Reflections on Permaculture: farming, nursing and education – 3 epiphanies in 24 hours
by Milly Carmichael
I went to George Hosier’s talk last night at the Merchant’s House - their Autumn lecture. George’s family have farmed at Wexcombe for nearly 100 years, always innovating and being creative with their farming practice. George continues that tradition and has been practicing no-till methods and holistic land management for the last three years and was sharing what he had learned and how he plans to continue to develop into the future. It was so refreshing and encouraging to hear a local farmer sharing his passion and enthusiasm for new farming strategies and technologies in this way – so far his yields are holding up well while he significantly reduces his use of diesel, heavy machinery, pesticides and herbicides; the farm is a haven for wildlife and the soil is becoming more full of life and resilient to the vagaries of our changing weather patterns.
At the end of the talk, someone asked, “This is really niche farming at the moment isn’t it? Do you think it’ll ever become mainstream? “
“It might have to” – I said under my breath – not feeling quite bold enough to state it out loud in a room that looked like it might contain quite a number of traditional farmers. With real conviction, and respect for his fellow farmers in the room who might be facing considerable change in the near future, George said that it already is mainstream for those farming at the edges – in Australia and South America, in very dry places, in very wet places where the weather and soil conditions are already changing and becoming critical, these practices have become mainstream because those farmers now have few choices to do otherwise if they want to survive along with their livelihoods.
I felt goosebumps rise in my skin and a surge of adrenalin course through my veins. He said “it’s already mainstream at the edges”. ‘Value the edges and the marginal’ is a key principle of permaculture design. The Formidable Vegetable Sound System remind us that ‘The edge is where it’s at’ (track 4 on their album ‘Permaculture: A Rhymers Manual’) Something came together in that moment – a great way of explaining the principle in my own teaching and a way of connecting with people who we might perceive, perhaps, as not being particularly open to a permaculture way of thinking - traditional agriculturalists. Then I was sitting at work office today talking with a colleague and she was sharing concerns about the way some teachers at a school she knows manage behaviour and discipline in a rather Victorian manner – not really taking account of the individual nature of the children but using a one-size-fits-all / adults have the power / “it’s not because you can’t , it’s because you won’t” kind of approach. My friend has tried to introduce some new ideas to the school about language use, connecting with the children and using a solution focused approach but her suggestions for changes to their behaviour policy have not yet been welcomed. Some key members of staff are of the belief that children’s behaviour can only be managed with a ‘healthy’ fear of authority and threat of punishment or humiliation in front of their peers. They don’t yet have confidence that children’s behaviour can be managed without them.
Then another light bulb moment! At the talk last night, someone else had asked George ‘but what will you do if they ban Glyphosate (Roundup) – we just can’t farm without it – it’s not possible’. To which George replied – with respect and humility – that he’s not sure yet how he’d do that. It won’t be easy but he’s pretty sure it’s not impossible. Farmers will need to be creative and try out new ideas. He’s met people who are doing it though – organic farmers who have farmed without glyphosate for years and he had already explained how a no-till method radically reduces seed germination for black grass. By leaving seed on the surface where it can be eaten by mice and birds, rather than pushing it into the soil and providing its ideal conditions for growth, pernicious weeds like black grass can be managed without weedkiller or at least, significantly reduced quantities. Authoritarian methods of raising and teaching children are a bit like Round-up, I think: broadcast methods aimed at killing all ‘weeds’ rather than understanding the conditions in which they germinate and changing those conditions with observation, care, attention and gentle action. Or even changing our perspective on ‘weeds’ and seeing their real value.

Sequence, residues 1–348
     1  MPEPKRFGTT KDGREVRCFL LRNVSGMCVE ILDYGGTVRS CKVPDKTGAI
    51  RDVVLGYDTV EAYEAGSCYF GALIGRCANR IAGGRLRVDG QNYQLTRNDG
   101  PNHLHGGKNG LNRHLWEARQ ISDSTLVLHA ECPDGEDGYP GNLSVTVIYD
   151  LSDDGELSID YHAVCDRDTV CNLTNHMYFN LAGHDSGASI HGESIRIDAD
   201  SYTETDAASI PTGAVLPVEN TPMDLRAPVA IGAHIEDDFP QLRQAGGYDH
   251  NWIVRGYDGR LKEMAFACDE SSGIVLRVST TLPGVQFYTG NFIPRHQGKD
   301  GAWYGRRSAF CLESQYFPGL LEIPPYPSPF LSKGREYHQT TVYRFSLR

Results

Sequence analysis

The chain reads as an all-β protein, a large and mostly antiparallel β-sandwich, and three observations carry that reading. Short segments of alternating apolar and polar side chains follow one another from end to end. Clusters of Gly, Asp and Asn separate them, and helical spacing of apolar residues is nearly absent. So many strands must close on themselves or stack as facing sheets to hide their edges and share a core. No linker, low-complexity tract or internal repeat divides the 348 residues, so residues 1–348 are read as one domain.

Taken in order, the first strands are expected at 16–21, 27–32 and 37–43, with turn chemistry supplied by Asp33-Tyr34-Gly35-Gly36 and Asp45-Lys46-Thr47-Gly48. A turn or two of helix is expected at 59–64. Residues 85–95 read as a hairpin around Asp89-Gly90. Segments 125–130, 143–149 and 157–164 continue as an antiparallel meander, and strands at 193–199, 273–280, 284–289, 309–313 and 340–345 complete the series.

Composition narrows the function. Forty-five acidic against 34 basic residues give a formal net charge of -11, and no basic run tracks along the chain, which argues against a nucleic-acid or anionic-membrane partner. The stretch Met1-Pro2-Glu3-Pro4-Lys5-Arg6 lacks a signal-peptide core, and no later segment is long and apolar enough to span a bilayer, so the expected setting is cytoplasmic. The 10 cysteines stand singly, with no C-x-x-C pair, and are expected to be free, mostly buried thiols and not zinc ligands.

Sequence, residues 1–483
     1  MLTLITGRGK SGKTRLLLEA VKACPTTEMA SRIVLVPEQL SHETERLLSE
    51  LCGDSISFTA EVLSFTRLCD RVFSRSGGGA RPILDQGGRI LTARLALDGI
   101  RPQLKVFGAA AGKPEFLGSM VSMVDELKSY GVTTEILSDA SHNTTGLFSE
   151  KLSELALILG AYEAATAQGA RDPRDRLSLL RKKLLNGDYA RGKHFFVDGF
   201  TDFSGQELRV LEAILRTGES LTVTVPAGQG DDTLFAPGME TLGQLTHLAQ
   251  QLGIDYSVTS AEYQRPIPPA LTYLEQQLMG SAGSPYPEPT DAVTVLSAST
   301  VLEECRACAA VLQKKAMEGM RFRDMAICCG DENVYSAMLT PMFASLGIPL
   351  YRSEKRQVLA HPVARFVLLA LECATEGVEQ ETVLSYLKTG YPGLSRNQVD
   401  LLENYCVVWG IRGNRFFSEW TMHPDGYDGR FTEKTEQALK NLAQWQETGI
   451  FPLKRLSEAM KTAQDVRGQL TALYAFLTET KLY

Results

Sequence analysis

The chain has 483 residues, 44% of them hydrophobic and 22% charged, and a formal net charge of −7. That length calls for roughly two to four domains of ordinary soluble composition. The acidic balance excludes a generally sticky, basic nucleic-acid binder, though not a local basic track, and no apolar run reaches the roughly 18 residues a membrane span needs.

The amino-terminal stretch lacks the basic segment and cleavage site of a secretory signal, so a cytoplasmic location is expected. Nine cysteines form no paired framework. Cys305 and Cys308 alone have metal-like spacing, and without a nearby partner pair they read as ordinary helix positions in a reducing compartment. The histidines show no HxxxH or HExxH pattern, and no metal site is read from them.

As we talked, a third wave came over me as the phrase ‘wound care’ popped into my head.
Back in my nursing days I was taught that a wound must be allowed to granulate – to heal – slowly from the bottom up and from the edges in. If it heals over the top while the bottom is still infected, bacteria can track out into surrounding tissues and cause more serious problems. Perhaps contrary to what might seem logical at first, wound management can actually involve actively keeping a wound open so that it can heal from the bottom and the edges. This is most important with deep, infected wounds. And so it is, both in the flesh and almost poetically as metaphor. We heal from the bottom up and from the edges in – whether as individuals, as families, as communities, as nations, as a planet. It can be slow and healing can look ugly, raw and painful in its process. If we can bear it, not shy away from it or try to cover it up, we stand a better chance of real recovery with minimal scarring.